London: Former Prime Minister Tony Blair has
dismissed the government`s claim that the recent riots in
London and other cities showed that the British society is in
"moral decline" as he warned that "muddle-headed analysis" of
a broken society threatens to harm the country`s image abroad.
In rare comments on British politics since standing down
as prime minister in 2007, Blair said the riots were "an
absolutely specific problem that requires a deeply specific
solution" by politicians.
The "big" cause of the riots in England was "alienated,
disaffected youth... outside the social mainstream," Blair
wrote in The Observer newspaper.
He pointed to a group of people "outside the social
mainstream and who live in a culture at odds with any canons
of proper behaviour".
"Focus on the specific problem and we can begin on a
proper solution," he said.
During a speech on Monday, Prime Minister David Cameron
said that he was determined to tackle a "slow-motion moral
collapse" in Britain and mend the country`s "broken society".
He attacked the influence of human rights legislation
and claimed that some of the worst aspects of human nature had
been "tolerated, indulged - sometimes even incentivised - by a
state and its agencies that in parts have become literally
But Blair warned that "muddle-headed analysis" of the
riots may result in wrong policy responses.
He also dismissed claims the UK was in the grip of a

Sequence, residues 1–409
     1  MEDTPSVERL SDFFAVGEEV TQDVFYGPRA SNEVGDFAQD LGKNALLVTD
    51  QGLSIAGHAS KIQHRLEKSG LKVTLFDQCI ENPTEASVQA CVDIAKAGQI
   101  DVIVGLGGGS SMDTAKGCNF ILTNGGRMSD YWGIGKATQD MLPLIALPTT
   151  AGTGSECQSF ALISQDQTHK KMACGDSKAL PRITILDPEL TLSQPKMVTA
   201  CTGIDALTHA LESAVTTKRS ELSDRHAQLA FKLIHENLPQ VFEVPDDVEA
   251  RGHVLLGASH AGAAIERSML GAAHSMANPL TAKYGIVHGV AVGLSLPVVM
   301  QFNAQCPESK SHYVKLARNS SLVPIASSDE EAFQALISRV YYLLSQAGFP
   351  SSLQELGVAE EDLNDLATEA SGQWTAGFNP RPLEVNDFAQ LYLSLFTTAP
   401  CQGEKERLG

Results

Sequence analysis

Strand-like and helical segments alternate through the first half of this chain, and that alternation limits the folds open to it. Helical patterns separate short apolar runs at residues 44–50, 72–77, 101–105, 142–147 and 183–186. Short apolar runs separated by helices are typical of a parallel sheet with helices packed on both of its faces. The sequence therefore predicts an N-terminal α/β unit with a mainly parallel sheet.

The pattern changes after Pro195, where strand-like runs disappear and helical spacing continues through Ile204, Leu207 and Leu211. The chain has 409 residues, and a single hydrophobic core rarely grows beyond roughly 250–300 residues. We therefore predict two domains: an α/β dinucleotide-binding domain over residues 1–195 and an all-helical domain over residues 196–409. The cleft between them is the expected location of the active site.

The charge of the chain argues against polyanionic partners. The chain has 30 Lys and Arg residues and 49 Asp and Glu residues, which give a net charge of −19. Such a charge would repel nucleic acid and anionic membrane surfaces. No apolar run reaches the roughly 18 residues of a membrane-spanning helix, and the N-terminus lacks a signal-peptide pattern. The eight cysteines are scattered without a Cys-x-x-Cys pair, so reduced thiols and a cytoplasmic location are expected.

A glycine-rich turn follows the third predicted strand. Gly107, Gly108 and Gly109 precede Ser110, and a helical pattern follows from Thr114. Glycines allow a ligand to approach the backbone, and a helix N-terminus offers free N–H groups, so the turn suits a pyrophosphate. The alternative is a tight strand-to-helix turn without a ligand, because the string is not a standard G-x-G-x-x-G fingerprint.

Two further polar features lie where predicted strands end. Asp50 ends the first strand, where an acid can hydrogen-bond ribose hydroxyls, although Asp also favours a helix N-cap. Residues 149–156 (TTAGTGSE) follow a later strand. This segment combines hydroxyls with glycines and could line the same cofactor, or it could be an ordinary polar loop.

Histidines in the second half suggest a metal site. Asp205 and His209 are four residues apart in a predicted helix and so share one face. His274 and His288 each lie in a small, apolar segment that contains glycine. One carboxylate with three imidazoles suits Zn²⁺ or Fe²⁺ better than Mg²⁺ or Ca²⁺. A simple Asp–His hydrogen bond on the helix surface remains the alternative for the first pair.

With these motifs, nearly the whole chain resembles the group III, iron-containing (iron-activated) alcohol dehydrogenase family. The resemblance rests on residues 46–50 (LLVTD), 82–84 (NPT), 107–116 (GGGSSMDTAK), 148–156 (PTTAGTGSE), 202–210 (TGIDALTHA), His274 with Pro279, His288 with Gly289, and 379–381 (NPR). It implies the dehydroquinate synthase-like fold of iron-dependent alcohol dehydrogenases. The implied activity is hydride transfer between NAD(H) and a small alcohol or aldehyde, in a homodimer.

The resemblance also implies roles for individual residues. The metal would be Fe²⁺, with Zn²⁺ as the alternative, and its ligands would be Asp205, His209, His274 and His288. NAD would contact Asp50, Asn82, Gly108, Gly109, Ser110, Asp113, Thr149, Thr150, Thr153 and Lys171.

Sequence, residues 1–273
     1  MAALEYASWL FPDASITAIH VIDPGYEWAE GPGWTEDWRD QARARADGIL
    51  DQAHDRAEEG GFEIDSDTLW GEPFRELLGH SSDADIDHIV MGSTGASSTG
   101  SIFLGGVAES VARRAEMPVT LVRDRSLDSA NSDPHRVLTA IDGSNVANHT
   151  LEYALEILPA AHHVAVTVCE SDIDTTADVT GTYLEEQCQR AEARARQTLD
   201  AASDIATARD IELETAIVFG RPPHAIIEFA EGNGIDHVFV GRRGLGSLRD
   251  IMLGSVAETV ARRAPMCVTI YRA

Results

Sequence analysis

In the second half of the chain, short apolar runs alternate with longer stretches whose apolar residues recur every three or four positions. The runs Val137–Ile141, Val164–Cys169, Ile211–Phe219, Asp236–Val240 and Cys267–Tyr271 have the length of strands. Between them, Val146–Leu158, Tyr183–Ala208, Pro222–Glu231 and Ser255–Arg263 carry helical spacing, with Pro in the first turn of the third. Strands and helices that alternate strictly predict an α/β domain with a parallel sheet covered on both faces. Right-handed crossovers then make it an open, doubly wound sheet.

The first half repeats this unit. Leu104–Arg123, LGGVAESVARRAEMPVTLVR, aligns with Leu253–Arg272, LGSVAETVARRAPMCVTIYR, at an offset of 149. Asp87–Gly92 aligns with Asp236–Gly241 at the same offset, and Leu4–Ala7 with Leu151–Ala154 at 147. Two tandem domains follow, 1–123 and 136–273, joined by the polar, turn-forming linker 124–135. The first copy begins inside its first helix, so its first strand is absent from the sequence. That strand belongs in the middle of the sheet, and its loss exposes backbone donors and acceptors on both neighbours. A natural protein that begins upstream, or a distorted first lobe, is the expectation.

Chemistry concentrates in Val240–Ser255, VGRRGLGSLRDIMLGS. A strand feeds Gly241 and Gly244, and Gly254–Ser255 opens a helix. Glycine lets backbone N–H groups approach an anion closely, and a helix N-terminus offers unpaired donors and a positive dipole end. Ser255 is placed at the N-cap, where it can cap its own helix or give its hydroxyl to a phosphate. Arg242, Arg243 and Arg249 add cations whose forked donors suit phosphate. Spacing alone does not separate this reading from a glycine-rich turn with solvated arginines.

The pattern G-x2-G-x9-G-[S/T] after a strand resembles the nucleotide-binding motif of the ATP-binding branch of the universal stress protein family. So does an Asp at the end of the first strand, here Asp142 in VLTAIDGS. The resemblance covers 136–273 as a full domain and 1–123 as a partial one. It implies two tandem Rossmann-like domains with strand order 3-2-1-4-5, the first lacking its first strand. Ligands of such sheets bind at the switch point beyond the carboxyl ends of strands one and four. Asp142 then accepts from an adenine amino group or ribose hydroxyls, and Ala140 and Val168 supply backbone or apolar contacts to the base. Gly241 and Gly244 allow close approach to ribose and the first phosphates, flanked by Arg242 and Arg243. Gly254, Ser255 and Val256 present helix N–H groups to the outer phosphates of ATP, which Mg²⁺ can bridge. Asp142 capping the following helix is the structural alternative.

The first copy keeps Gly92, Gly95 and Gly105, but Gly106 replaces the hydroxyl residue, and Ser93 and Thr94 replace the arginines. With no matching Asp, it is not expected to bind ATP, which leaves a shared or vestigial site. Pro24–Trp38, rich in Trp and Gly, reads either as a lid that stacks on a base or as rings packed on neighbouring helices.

"Elevate this into a highfalutin wail about a Britain
that has lost its way morally and we will depress ourselves
unnecessarily, trash our own reputation abroad, and worst of
all, miss the chance to deal with the problem in the only way
that will work."
Blair added that politicians` responses to the four
days of rioting and looting created a danger of the "wrong
analysis leading to the wrong diagnosis, leading to the wrong
He went on to say: "The key is to understand that they
aren`t symptomatic of society at large. Failure to get this
leads to a completely muddle-headed analysis of what has gone
wrong. Britain as a whole is not in the grip of some general
"The truth is that many of these people are from
families that are profoundly dysfunctional, operating on
completely different terms from the rest of society, either
middle class or poor.
"This is a phenomenon of the late 20th Century. You find
it in virtually every developed nation," Blair added.